The Valley of the Kings is no royal Egyptian burial area but a kind of junkyard to which battered and broken kings have been consigned. Underneath the rickety table on which they sit, pawns cluster in what looks like a brick oven -- or worse. It's horrific, but the real nightmare here is the triptych Messengers of Lost Prophecies. The messenger in the left panel has metal wings and a strange sort of Roman helmet/oil lamp for a head, with a pawn where the tongue should be (Red Knight has a similar odd, Bosch-like figure). On the right there's giant broken pawn, also winged, that's been hoisted/hanged. In the middle the head of a large pawn can be seen inside what could be a confessional, or a bank window, or a crematorium. Outside, other pawns, some upright, some not, await their fate.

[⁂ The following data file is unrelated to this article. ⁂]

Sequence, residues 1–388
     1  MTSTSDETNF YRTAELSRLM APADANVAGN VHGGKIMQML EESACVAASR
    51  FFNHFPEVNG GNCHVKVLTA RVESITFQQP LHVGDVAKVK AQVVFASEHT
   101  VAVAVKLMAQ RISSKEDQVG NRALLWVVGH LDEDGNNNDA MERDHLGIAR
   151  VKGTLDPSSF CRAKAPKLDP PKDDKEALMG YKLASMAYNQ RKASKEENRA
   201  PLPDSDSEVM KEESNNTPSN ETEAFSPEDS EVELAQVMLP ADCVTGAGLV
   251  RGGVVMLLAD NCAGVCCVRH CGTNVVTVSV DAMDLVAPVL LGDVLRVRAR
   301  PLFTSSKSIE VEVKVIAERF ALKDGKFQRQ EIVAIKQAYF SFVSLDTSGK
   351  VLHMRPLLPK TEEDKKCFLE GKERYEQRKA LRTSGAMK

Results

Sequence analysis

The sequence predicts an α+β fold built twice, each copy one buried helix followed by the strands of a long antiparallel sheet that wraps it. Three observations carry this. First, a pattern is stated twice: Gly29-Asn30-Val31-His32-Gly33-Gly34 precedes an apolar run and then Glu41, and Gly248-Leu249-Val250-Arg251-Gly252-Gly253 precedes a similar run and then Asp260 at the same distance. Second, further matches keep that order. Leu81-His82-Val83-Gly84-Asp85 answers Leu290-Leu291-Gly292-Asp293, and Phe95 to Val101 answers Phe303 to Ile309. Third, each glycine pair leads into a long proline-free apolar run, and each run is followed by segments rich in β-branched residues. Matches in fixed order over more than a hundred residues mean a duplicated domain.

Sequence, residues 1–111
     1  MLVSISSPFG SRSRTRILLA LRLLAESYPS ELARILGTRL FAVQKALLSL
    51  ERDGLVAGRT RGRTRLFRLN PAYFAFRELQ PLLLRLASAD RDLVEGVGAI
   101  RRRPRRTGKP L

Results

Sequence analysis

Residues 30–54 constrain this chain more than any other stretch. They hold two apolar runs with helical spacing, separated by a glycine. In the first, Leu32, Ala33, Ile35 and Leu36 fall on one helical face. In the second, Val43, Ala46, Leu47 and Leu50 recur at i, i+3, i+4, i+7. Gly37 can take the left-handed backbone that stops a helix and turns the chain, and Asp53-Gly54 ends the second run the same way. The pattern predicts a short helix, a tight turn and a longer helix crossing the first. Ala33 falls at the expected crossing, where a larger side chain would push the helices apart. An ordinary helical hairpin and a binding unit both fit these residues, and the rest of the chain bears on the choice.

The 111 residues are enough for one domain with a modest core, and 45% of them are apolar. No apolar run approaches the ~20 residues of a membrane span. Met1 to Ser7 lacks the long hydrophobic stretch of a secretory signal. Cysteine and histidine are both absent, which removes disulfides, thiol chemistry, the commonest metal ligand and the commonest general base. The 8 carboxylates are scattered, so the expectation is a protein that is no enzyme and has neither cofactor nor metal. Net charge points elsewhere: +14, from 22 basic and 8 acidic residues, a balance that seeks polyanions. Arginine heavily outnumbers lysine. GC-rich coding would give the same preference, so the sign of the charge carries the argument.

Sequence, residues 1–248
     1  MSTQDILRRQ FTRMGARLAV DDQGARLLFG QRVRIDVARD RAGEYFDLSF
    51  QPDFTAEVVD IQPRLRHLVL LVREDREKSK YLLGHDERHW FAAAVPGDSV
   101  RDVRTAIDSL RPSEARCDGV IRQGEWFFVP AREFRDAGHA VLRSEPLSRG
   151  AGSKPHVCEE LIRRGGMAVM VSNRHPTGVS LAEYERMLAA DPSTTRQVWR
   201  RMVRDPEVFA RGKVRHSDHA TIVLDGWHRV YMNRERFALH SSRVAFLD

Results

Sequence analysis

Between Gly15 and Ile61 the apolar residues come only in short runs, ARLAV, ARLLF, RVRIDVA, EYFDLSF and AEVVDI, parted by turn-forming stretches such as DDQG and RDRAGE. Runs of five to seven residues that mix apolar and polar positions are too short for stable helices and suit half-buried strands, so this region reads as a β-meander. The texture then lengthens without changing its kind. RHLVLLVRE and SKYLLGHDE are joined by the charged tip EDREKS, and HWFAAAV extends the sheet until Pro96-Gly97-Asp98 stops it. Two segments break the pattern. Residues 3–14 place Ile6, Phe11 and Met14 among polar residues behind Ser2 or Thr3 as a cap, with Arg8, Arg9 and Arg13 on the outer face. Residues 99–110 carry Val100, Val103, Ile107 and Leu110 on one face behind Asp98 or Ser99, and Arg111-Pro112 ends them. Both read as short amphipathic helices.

samuel bak3 Group Portrait holds the place that Return to Paradise did in Bak's 1998 Pucker show. Overhead the banner hangs from a mast, but there's no sign of water. The pieces, all different colors, look like Holocaust survivors: the queen appears only as a plywood cutout; one bishop is represented by a tin miter; a pawn travels on a wheeled cart; some shards of dice have infiltrated. These troops are beaten but they haven't quit -- they just don't know who they're fighting anymore.

Chess is, indeed, like life, and Group Portrait is Samuel Bak's family of humankind. Like Pieter Brueghel and Hieronymus Bosch, he cuts the horror of his insight with the seductiveness of his colors (gorgeous warm reds and yellows and greens and blues); then he throws in a generous dollop of Botticelli's idealism. It's truth that sears and salves and sets us all free.